Chalcography for an edition of Francisco de Quevedo's El Parnaso Español (1648)

Madrid has been one of the great centres of Spanish literature. Some of the best writers of the Spanish Golden Century were born in Madrid, including: Lope de Vega (Fuenteovejuna, The Dog in the Manger, The Knight of Olmedo), who reformed the Spanish theatre, a work continued by Calderon de la Barca (Life is a Dream), Francisco de Quevedo, Spanish nobleman and writer known for his satires, which criticised the Spanish society of his time, and author of El Buscón. And finally, Tirso de Molina, who created the character Don Juan. Cervantes and Góngora also lived in the city, although they were not born there. The homes of Lope de Vega, Quevedo, Gongora and Cervantes are still preserved, and they are all in the Barrio de las Letras (District of Letters).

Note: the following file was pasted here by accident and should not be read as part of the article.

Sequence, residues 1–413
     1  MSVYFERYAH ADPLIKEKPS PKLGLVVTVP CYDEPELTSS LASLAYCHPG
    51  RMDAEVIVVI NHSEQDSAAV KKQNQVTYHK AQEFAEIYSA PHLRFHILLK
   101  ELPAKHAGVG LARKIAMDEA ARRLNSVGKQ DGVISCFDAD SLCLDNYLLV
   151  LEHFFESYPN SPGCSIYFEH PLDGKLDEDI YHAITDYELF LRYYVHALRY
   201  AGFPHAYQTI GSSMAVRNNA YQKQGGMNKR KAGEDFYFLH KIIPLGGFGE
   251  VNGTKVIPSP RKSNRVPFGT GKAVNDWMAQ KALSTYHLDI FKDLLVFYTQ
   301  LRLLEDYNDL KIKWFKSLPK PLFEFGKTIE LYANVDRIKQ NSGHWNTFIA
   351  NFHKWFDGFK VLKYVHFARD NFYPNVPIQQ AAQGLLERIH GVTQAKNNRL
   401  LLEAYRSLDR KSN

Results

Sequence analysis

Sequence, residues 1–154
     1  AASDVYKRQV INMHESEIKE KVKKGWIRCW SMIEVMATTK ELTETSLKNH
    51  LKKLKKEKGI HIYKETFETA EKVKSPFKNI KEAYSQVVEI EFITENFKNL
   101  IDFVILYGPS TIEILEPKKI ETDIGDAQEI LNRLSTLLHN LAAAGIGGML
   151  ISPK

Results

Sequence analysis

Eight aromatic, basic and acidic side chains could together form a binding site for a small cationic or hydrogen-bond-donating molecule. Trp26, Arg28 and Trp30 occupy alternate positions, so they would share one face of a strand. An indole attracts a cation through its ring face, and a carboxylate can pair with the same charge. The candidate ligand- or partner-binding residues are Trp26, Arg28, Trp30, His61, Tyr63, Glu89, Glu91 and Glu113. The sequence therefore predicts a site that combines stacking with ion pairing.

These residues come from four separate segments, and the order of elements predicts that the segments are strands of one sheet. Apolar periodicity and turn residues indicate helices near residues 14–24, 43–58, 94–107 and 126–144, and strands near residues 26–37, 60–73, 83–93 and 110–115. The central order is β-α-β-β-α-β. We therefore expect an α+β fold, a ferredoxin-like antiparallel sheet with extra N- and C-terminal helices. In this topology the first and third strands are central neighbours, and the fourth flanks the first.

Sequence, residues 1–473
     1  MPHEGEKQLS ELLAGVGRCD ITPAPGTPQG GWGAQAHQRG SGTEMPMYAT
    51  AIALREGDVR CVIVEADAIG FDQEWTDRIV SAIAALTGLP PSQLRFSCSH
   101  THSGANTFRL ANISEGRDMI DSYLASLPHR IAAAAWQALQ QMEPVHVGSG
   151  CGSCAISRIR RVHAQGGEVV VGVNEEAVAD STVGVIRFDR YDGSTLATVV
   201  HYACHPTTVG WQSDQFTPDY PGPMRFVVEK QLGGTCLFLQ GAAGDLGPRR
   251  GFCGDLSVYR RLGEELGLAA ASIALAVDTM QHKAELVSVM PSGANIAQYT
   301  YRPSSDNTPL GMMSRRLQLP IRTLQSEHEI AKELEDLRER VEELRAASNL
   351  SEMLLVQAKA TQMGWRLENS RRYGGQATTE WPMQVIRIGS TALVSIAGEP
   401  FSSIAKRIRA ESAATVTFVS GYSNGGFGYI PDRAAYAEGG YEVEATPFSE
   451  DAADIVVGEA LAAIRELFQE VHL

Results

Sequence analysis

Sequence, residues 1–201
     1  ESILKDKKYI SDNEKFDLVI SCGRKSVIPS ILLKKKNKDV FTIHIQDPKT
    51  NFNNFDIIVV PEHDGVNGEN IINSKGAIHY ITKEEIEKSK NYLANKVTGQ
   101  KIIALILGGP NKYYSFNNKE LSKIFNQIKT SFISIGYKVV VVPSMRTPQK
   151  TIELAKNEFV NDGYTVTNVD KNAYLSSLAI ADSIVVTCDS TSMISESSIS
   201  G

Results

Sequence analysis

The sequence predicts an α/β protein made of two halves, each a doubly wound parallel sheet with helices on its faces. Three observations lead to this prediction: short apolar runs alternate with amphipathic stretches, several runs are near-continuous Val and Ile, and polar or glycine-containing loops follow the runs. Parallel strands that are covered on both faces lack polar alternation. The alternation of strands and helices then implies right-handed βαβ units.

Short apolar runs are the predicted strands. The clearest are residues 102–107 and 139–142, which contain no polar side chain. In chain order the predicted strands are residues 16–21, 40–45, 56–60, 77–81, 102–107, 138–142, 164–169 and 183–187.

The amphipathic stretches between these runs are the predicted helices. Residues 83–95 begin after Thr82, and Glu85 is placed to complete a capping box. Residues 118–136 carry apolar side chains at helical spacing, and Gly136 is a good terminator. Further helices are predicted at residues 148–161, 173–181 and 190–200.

Other writers born in Madrid in later centuries have been Leandro Fernandez de Moratín, Mariano José de Larra, Jose de Echegaray (Nobel Prize in Literature), Ramón Gómez de la Serna, Dámaso Alonso, Enrique Jardiel Poncela and Pedro Salinas.
Portrait of Benito Pérez Galdós, by Joaquín Sorolla.

The "Barrio de las Letras" (Quarter of Letters) owes its name to the intense literary activity developed over the 16th and 17th centuries. Some of the most prominent writers of the Spanish Golden Age settled here, as Lope de Vega, Quevedo or Góngora, and the theatres of Cruz and Príncipe, two of the major comedy theatres of that time. At 87 Calle de Atocha, one of the roads that limit the neighbourhood, was the printing house of Juan Cuesta, where the first edition of the first part of Don Quixote (1604) was published, one of the greatest works of Spanish literature. Most of the literary routes are articulated along the Barrio de las Letras, where you can find scenes from novels of the Siglo de Oro and more recent works like "Bohemian Lights". Although born in Las Palmas de Gran Canaria, realist writer Benito Pérez Galdós is credited with making Madrid the setting for many of his stories, underpinning what has come to be known as the Madrid Galdosiano.[133]
Interior of the National Library of Spain.